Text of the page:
While there's already an answered question here about Marco Polo and fireworks, he is often credited with being the first Western record of many other innovations. One website, for example, credits him with "porcelain, coal, gunpowder, printing, paper money, and silk." I have not had the opportunity to fully go through Marco Polo's accounts, but some preliminary searching has left me feeling confused. To use coal as an example, there are accounts of coal being used in Europe before Marco Polo came back from his journey - although it only became widely used many centuries later, it was still present.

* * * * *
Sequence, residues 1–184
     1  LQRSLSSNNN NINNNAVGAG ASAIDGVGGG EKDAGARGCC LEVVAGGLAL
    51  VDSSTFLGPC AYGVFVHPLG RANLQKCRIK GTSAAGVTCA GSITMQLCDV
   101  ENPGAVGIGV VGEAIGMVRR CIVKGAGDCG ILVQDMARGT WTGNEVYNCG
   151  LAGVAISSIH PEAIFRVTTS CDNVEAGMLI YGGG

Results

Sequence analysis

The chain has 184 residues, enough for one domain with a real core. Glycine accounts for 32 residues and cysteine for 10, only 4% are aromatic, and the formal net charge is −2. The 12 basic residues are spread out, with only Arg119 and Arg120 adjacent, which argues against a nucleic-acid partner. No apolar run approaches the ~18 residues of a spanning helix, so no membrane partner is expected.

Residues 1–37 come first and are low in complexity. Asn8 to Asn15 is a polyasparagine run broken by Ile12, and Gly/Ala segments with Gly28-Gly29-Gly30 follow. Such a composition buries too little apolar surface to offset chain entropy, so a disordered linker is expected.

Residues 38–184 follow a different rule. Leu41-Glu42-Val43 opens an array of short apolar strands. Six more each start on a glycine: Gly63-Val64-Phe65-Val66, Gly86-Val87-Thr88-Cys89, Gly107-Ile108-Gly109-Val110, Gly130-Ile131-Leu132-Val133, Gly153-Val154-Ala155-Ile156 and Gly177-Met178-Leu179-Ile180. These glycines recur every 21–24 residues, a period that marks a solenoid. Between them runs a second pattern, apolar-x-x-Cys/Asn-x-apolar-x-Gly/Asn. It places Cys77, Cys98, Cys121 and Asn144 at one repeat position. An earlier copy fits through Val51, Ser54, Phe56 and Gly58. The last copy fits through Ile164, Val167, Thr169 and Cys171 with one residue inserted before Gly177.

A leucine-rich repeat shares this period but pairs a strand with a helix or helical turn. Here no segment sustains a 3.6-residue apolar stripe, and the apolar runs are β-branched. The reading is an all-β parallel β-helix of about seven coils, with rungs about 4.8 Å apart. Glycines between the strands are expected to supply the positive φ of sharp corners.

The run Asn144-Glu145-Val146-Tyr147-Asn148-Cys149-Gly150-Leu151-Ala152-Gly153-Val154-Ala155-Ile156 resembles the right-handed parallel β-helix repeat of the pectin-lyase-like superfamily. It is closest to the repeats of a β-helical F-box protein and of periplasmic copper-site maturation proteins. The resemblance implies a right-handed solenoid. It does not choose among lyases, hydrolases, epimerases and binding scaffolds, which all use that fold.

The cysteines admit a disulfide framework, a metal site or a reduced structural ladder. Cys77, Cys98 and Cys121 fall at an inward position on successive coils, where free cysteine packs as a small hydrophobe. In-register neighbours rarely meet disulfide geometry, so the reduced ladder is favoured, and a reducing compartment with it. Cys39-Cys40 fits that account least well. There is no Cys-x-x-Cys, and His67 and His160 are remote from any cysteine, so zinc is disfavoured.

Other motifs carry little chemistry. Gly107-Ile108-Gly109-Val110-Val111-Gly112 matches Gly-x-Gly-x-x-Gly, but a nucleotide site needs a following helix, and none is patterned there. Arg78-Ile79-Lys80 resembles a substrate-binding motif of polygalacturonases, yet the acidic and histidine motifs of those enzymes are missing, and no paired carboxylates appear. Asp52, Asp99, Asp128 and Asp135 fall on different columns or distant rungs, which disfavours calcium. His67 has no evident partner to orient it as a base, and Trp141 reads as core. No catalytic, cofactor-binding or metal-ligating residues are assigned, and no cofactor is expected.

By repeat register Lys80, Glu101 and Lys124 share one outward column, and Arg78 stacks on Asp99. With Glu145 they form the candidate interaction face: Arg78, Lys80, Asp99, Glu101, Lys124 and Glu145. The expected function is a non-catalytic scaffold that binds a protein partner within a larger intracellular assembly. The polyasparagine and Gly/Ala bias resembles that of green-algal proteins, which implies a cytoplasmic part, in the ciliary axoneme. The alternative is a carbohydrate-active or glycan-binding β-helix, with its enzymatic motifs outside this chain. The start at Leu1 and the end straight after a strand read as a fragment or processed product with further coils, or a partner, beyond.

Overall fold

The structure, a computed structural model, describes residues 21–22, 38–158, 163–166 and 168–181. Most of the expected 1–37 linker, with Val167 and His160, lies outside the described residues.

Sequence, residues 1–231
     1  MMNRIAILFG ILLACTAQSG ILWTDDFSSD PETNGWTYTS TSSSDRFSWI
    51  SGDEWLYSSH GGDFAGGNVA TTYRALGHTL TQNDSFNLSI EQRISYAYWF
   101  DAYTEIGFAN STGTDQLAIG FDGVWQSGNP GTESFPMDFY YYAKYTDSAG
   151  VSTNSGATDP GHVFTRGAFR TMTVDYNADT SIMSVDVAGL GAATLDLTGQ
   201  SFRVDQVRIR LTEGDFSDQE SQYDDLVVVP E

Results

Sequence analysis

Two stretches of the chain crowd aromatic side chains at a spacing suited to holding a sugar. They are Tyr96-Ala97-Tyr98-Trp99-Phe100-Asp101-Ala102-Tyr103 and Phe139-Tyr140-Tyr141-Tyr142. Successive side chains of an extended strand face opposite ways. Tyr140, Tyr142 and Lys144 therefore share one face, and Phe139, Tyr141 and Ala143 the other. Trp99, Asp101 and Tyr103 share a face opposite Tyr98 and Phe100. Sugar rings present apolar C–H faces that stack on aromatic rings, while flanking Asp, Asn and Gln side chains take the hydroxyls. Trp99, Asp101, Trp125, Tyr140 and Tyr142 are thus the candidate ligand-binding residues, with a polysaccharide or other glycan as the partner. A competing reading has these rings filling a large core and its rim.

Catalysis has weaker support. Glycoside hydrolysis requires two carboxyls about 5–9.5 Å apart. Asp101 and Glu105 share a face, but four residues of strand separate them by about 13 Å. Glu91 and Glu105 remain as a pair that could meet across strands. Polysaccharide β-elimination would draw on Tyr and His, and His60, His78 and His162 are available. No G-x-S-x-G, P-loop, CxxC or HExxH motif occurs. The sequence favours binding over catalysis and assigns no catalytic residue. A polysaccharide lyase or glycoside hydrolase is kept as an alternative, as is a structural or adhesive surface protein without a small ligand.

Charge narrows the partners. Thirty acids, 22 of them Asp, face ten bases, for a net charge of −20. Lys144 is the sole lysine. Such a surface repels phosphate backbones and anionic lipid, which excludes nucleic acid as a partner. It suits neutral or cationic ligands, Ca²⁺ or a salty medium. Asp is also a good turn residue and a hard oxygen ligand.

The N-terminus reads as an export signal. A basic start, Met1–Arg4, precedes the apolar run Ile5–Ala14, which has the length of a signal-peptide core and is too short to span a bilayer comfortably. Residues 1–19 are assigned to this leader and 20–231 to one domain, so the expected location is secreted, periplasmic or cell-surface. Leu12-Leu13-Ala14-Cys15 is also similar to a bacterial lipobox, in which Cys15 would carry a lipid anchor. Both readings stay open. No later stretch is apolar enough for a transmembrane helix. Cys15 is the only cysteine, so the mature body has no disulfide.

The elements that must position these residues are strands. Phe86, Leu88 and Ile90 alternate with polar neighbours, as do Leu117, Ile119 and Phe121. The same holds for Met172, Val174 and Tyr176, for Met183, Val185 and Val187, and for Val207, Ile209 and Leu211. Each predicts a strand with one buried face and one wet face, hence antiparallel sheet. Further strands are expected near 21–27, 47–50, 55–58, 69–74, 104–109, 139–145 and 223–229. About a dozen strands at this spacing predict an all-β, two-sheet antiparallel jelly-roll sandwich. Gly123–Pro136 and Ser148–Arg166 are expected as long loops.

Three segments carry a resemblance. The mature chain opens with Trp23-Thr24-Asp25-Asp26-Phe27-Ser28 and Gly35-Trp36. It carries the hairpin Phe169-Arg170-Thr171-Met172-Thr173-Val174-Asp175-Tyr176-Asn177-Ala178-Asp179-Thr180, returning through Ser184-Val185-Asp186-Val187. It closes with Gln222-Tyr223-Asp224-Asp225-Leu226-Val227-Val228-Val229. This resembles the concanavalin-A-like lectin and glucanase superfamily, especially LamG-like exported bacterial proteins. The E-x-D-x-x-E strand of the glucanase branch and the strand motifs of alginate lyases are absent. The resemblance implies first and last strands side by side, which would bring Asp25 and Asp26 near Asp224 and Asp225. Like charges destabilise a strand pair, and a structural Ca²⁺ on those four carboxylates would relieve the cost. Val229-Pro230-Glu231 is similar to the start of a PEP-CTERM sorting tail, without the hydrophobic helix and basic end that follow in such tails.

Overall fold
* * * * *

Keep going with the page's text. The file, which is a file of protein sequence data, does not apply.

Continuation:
In short, how many of Marco Polo's accounts are actually apocryphal?

  • Reversinator - Your question is badly organized, You ask about accounts that claim Marco Polo's book was the first description of various items, and then your last sentence asks how many of Marco Polo's accounts are actually apocryphal. If Marco Polo mentioned unreal and apocryphal events and things, he is likely to have been one of the few to do do, if not the only one and thus the first. If events and things mentioned by Marco Polo were real, they may have been mentioned by many writers, although he could still be the first for some of them. – MAGolding Feb 23 '17 at 20:32

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